Officially opened to the public in 1927, South Africa’s Kruger National Park is the oldest and largest game reserve in the world.  Its 6.2 million acres play home to more than 500 species of birds and 147 kinds of mammals, among them 31,000 wildebeests, 23,000 zebras and 7,000 giraffes.  The park also has large numbers of what’s known in game reserves as the “Big Five”: black rhinos, cape buffalo, elephants, leopards and lions.
On our trip to Kruger, we saw two of the Big Five, the elephants and the buffalo, but the only cat we saw was one with a capital C–Catherine, one of my best friends from law school.  Cat’s now a student at the South Africa Wildlife College, which is located right outside Kruger’s Orpen Gate.  (Definitely not a bad way to take a break from the law for a little while…)

Cat, Derek and I took a night drive through the park one evening.  After we climbed aboard a huge jeep that was decked out with high-powered spotlights, our guide drove us around the park at a speed slow enough for us to spot animals that are often nowhere to be seen during the daylight hours.  One of our favorite sightings was a baby hyena, who was so deceptively cuddly-looking that I wanted to give him a squeeze.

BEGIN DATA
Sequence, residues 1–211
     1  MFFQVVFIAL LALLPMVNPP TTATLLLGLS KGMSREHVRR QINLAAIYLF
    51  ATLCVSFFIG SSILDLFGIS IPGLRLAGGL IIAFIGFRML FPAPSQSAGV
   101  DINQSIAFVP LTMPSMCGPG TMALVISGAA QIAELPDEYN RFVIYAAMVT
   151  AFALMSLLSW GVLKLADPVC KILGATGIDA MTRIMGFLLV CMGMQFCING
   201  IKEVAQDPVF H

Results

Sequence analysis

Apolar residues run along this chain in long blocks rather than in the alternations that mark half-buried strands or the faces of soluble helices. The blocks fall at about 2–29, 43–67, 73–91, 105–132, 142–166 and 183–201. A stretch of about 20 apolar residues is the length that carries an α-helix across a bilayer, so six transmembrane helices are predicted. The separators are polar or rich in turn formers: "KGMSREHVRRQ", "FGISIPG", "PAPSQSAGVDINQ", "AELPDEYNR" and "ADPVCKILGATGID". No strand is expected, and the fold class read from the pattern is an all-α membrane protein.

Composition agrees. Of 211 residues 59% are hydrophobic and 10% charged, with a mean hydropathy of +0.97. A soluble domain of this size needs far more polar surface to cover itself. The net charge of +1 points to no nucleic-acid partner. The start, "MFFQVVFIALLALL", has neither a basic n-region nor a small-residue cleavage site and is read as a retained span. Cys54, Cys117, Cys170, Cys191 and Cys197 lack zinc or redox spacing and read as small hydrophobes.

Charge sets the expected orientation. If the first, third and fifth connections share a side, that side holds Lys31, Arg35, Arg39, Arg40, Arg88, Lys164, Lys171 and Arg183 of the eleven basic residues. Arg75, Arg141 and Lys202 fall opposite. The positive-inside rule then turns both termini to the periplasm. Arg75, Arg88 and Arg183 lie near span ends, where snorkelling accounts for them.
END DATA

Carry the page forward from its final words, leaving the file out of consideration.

Derek and I also took a self-guided daytime drive through the park.  Over the course of seven amazing hours (all of which were spent in the safety of the VW Polo–to get out of your car outside of the designated safe areas in Kruger is to risk your life), we saw everything from hippos lazing in the mud to a parade of elephants bound for a watering hole to warthogs who looked almost too ridiculous to be real.
One of my favorite moments, however, came early in our drive.  Maybe 30 feet in the distance, we spotted a pair of giraffes grazing on the treetops.  They were the first giraffes I’d ever seen outside of the confines of the zoo, and I have to say, it was almost a religious experience.  I’m completely amazed that creatures like them and creatures like us can inhabit the same earth.

Our quest for the big cats will continue.  In a way, though, it’s almost a good thing that we haven’t seen them yet.  Three weeks from now, we’re going on a Tanzanian safari with some of our best friends from Nashville, and I’m sure we’ll see lions, leopards and cheetahs aplenty.  For now, though, the anticipation is half the fun.

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